movement feel good, of course. There’s the fact that she can change direction
very quickly, with no skidding. And how she has massive amounts of air friction,
which means if you stop moving the stick in mid-air, she’ll almost instantly fall straight
down. That makes it easier to land precisely where
you want to. And then there’s the more fundamental design
of the game’s camera. Celeste is a zoomed-out game, where – at times
– the entire room is framed by a static viewpoint. This means that the screen isn’t flipping
out all over the place, which makes it easier to be precise with your runs and jumps. If Madeline is the only thing moving, it’s
easier to put her where you want to. The devs did have to compromise on detail
for the characters and environments, but I think it was worth it. Now, Madeline’s movement is entirely hard-coded,
and written in Visual Studio, with the help of Microsoft’s XNA framework. So the devs didn’t use the built-in gravity
or physics systems you sometimes find in game engines like Unity and Game Maker, as they
preferred to have precise control over the player’s input. So I asked Matt and Noel how they came to
these numbers for Madeline’s movement. MATT: A lot of it was intuitive, a lot
of it was just from making a lot of platformers. To get a sense of what you want a platformer
to feel like and what works. NOEL: And a lot of it was just experimentation, right? Like trying things and getting people to playtest
it, and seeing how it feels and watching them and seeing like “oh that did not work as intended”, so
this needs to be toned down, this needs to be better. MATT: And it changed a lot through development
too. Lots of little changes – even big changes. NOEL: And like in regards to how the pacing
feels when you’re platforming, like when should you be stopping and when should you
be more flowing. The mechanics changed to kind of like make that all feel
better. So those are the basics, but there’s way
more to Madeline – in the form of two extra moves you can use when scaling the mountain. One is the climb. Hold the trigger and Madeline will snap to
a wall, and then can climb up it, and bounce off for a springy wall jump. Unlike Meat Boy, who slides up walls uncontrollably,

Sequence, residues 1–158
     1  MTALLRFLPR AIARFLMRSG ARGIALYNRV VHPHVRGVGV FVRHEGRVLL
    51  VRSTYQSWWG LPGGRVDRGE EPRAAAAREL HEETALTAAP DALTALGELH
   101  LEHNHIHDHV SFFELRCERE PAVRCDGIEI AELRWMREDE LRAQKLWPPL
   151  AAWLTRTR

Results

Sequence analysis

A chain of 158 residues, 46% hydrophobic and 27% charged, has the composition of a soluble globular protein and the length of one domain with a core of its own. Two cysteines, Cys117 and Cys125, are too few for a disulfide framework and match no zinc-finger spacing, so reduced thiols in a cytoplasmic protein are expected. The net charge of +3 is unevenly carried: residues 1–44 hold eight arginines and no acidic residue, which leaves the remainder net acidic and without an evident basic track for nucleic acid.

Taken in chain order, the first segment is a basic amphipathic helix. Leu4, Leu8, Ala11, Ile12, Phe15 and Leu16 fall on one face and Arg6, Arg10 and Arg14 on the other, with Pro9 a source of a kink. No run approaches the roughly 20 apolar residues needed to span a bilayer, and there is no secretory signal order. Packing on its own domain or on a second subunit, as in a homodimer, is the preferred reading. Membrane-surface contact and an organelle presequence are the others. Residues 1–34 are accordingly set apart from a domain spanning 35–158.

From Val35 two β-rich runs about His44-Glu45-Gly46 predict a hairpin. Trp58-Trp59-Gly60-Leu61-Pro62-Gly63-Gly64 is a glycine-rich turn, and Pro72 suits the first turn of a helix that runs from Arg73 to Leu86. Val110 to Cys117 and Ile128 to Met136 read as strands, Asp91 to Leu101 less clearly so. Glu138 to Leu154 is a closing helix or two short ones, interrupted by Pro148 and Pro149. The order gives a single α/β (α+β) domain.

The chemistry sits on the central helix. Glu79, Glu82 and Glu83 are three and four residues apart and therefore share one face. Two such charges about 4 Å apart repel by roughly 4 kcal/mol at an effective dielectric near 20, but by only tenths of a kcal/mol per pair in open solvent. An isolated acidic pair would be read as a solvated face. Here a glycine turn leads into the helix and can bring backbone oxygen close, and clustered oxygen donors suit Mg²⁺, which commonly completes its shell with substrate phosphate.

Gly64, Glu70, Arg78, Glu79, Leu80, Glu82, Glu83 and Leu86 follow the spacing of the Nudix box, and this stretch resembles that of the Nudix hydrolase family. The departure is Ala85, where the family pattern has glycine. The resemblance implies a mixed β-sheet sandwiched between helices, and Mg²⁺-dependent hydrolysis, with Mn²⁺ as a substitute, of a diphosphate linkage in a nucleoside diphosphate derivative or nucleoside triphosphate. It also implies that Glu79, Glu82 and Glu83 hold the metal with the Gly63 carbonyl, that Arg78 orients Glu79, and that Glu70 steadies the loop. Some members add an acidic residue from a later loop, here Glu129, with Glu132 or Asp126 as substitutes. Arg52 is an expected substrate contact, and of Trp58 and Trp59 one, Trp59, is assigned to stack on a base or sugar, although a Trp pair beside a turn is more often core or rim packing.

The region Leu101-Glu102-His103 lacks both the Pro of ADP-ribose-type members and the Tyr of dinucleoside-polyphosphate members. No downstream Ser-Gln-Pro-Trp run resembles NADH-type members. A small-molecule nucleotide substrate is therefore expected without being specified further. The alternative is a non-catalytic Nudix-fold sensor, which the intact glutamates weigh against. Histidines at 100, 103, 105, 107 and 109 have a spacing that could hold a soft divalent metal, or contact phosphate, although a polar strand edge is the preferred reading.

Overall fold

Madeline sticks to surfaces like glue. Climbing is dictated by a stamina system – Madeline’s
got 110 stamina points, though that’s not shown to the player, and they depreciate at
different rates depending on whether you’re holding still, climbing, or doing a climb
jump. The other move is the dash. Hit the dash button and Madeline will fire
off into the direction you’re holding. She can only dash once in mid-air – elegantly
represented by her hair turning blue – so you’ll either need to touch the ground or
grab a crystal to replenish your stock. The dash does take control away from you,
because Madeline fires in one direction at max speed. But that’s only for the first 0.15 seconds
of the move. From there, she slows down and you’re given
control back, meaning you can cancel the momentum of the dash to stop yourself flinging into
spikes. This gives the move more nuance and expressiveness,
compared to the same, more static move in Celeste’s PICO-8 precursor. With these three mechanics – the jump, the
climb, and the dash – Celeste becomes a rapid-fire, resource-management puzzle of managing vertical
space, and picking when and where to execute different moves. A jump here, a dash there, on to the wall,
then back off to regain stamina and replenish your dash, before jetting off again. Each move has its own feel, speed, and level
of control – giving the game an exciting, ever-changing pace. All part of the developer’s plan, as it
turns out. MATT: Like, a lot of problems in Celeste can
be solved in multiple ways. Like you could either dash or you could climb. There’s some where you could only use one
or the other, or you have to use both in different combinations. But the dash was always supposed to be the
more chaotic option where it’s kind of harder to control, whereas the climb is more methodical